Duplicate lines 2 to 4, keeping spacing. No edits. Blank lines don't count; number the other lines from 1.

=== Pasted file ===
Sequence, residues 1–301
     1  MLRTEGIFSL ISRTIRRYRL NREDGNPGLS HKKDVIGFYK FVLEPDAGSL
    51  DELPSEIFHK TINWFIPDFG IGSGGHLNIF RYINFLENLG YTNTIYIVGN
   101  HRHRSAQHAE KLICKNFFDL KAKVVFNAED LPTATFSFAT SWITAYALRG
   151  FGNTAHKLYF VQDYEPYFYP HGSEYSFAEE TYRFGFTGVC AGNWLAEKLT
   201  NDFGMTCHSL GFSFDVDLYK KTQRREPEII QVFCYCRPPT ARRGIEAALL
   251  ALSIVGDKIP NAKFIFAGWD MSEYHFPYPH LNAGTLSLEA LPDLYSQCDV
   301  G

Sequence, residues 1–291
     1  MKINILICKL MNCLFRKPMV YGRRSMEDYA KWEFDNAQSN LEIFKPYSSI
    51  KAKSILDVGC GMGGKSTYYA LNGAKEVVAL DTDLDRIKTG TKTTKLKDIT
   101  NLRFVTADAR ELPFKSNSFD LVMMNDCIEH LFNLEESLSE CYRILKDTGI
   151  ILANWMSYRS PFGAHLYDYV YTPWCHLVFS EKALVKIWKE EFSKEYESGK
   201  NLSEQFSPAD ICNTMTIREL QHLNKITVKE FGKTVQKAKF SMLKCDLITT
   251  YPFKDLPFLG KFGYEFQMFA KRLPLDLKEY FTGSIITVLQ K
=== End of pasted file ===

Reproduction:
     1  MLRTEGIFSL ISRTIRRYRL NREDGNPGLS HKKDVIGFYK FVLEPDAGSL
    51  DELPSEIFHK TINWFIPDFG IGSGGHLNIF RYINFLENLG YTNTIYIVGN
   101  HRHRSAQHAE KLICKNFFDL KAKVVFNAED LPTATFSFAT SWITAYALRG